THE JOURNEY TO WENDY’S HOUSE BEGINS
Illustration by Carlos Uribe
THE JOURNEY TO WENDY’S HOUSE BEGINS
Abby was suddenly aware that she was wet and cold. The storm had blown off, but the cold rain had soaked her clothes. Hailstones had fallen on her neck and shoulders, and slipped down her back to melt there on her bare skin. She knew she had to get moving. Her teeth were chattering. She felt dazed.
‘But what’s my route to Wendy’s house?’ she wondered. ‘It would have saved time to hit the Half Moon River upstream, where Cedar Creek and the Half Moon can be crossed on those logs.’
But a voice quickly spoke in Abby’s mind: ‘Remember the flooding. The logs have been swept away.’
‘Of couse,’ she thought. And a chill of fear crept into her heart. Since leaving the church she’d felt as if someone, something, was inside her mind, advising and helping her.
‘Am I going crazy? What am I to make of this? Hello! Is somebody in there?’
But no reply came forth. She remained still, holding the briefcase and the mapstick, unsure which way to go. ‘Your boat,’ said the voice.
‘Of course,’ she thought. ‘I’ll cross the Half Moon in my boat, and head upstream to the stairway up the cliff. But what in God’s name is going on?’
Abby began walking at an easy pace, hugging the ridge on her right. It was a relief to have shaken off all pursuit, and to be confident of the road ahead. The branches of the tall old pine trees occasionally spread across her path, and she had to struggle to get through, even crawling a few times, holding the mapstick and pushing the briefcase ahead of her. She vividly remembered going this same way with Jeremy only three evenings before. That journey had begun as a fabulous adventure, and then… it became a disaster, part of the collapsing house of cards that had been her experience of the last three days.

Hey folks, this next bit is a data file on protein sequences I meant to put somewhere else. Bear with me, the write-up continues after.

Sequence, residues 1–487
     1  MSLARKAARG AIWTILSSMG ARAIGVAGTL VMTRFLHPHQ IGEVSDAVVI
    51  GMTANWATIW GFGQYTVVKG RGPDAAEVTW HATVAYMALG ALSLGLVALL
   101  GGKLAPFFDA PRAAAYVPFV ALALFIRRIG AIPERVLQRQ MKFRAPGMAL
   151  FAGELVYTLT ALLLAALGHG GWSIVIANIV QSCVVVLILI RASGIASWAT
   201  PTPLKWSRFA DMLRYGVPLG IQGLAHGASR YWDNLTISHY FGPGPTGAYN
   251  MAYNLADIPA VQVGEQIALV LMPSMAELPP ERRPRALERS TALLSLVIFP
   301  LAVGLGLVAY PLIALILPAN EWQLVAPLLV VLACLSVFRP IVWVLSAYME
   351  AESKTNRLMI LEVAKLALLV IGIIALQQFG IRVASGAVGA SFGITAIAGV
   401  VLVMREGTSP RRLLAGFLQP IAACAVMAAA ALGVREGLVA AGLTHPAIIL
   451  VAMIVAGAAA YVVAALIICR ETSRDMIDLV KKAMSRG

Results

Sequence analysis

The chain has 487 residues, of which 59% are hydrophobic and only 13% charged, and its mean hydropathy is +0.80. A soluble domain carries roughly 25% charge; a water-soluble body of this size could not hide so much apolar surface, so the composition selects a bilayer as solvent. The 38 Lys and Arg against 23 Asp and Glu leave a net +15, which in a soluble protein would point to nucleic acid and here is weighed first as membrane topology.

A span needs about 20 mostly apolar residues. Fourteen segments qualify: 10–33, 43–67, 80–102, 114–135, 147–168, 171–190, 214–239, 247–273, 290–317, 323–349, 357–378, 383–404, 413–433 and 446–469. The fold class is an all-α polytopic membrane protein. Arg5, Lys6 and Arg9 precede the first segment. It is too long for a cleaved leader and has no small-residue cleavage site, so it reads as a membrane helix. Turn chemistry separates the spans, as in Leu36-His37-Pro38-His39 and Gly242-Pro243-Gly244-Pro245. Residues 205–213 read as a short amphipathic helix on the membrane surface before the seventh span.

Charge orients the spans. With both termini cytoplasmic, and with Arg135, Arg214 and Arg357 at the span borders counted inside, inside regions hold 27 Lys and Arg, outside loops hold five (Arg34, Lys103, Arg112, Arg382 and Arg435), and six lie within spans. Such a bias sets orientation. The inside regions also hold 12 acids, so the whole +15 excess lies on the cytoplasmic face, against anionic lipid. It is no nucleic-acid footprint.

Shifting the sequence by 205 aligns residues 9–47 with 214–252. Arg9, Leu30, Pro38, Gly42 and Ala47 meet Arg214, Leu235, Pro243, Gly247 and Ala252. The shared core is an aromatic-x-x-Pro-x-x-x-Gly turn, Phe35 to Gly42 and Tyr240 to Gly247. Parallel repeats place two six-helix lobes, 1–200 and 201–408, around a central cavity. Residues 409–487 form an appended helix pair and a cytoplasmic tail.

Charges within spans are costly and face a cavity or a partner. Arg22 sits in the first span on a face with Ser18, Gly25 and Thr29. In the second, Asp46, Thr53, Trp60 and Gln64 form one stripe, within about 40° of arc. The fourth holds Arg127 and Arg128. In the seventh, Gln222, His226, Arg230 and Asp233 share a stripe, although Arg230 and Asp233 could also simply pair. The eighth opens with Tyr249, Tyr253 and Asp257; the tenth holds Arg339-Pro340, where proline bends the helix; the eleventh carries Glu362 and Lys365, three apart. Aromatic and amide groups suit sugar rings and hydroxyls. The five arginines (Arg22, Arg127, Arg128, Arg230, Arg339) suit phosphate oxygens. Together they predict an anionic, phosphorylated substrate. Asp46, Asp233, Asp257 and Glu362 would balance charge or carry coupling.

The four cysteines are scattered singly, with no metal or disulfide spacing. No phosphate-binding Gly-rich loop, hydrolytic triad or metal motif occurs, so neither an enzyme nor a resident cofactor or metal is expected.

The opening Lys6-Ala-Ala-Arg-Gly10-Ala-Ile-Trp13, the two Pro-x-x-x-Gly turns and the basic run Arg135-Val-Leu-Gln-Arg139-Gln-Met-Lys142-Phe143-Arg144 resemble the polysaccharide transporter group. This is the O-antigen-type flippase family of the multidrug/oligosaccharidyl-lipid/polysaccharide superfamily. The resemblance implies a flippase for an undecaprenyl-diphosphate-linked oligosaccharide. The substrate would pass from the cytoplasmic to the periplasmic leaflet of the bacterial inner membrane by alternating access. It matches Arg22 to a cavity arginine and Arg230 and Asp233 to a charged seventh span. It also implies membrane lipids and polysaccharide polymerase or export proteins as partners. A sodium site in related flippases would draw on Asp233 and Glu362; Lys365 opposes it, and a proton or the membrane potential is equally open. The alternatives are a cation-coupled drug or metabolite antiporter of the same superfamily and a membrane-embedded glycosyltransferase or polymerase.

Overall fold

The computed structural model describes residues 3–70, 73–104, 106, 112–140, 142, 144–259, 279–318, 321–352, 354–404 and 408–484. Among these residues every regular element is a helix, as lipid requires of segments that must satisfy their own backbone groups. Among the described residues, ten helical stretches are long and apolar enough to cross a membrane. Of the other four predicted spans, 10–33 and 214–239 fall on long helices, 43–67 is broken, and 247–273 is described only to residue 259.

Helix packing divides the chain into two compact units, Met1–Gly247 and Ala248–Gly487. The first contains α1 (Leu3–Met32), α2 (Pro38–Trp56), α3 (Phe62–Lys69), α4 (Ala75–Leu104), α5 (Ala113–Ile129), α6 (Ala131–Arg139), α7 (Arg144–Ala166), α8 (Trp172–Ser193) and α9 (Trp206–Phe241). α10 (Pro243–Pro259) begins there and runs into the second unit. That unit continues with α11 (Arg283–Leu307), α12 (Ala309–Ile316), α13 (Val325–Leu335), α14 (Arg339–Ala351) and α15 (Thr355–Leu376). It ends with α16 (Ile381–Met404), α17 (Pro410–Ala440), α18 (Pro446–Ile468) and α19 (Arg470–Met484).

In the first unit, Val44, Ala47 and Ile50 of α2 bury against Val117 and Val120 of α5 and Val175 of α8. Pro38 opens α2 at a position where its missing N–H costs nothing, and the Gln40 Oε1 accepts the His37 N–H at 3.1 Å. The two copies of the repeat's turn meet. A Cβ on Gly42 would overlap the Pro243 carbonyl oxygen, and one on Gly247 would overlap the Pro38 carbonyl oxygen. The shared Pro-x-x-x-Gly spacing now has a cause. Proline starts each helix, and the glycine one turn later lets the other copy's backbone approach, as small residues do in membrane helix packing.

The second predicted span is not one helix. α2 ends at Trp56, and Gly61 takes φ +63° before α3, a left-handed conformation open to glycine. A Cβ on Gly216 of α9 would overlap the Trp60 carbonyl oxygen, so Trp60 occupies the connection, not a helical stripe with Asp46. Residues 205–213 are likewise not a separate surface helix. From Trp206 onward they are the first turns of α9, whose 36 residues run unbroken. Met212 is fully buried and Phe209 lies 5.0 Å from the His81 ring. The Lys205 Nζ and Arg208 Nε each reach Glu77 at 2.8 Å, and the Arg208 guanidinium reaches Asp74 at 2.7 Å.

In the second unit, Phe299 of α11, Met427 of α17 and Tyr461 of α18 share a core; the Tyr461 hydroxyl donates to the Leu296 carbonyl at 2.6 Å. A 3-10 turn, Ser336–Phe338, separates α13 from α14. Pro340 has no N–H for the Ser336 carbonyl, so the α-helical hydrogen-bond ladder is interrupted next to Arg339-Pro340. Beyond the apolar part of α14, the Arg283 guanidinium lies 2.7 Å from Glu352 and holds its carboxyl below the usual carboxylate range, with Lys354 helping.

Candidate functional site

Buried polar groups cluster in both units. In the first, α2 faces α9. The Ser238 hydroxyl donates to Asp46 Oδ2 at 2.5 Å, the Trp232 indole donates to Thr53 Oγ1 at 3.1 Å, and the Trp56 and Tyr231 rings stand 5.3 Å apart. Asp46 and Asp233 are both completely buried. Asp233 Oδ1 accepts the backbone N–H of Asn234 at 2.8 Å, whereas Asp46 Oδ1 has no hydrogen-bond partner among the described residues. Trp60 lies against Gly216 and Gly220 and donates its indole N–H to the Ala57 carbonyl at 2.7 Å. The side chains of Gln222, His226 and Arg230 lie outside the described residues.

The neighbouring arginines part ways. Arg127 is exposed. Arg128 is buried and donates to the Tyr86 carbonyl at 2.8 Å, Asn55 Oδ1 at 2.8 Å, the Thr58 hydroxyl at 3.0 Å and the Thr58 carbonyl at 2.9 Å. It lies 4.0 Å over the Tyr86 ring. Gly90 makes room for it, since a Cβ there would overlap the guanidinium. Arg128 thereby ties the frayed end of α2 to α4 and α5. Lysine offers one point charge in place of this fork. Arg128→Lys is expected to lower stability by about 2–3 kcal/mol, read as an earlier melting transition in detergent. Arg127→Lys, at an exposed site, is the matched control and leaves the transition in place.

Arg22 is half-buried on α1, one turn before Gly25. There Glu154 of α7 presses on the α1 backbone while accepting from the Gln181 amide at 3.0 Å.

Eventually the pines thinned out and the ridge met the rising ground. Abby walked up over the slope and descended to the Half Moon River. Her dinghy was where she and Phoebe had left it, hidden under the brambles. She slid it into the water, jumped in with her briefcase and the mapstick, and paddled furiously with a flat piece of wood. The current had eased up over the past two weeks. The boat hit the far side not far from its hiding place under the enormous fallen maple tree. After pulling the boat out of sight, she hiked along the bank of the river. The towering cliff grew closer and closer, leaving only a narrow rocky path for the traveller. She struggled along, tired and confused. To her relief, the voice in her mind was quiet for now.
The wind died down. Abby grew warm as her clothes slowly dried. Walking near the cliff was hard work, and the distance was about three miles. The cloudy sky was dimmer by the time she reached the stairway. She sat for a moment next to the thin oval rock that hid the entrance, dreading the climb ahead. The multiple crises of the last few days had exhausted her nerves and mental energy, and shaken her confidence.
She forced herself to think through the climb, and realized that the mapstick and the briefcase would make awkward, even dangerous baggage – awkward through the first two thirds of the climb, and dangerous near the top. How could she safely hold them when she had to go on all fours, gripping the face of the mountain?
‘Remember the piece of twine,’ said the voice in her mind.
‘The piece of twine? What piece of twine?’
She recalled the twine she had used to tie the mapstick across her back as she rode the bike, but had no memory what she had done with it. But there, wrapped around the mapstick several times, was the piece of twine. The mapstick and briefcase would still be hazards near the top of the cliff, but now the climb was at least possible.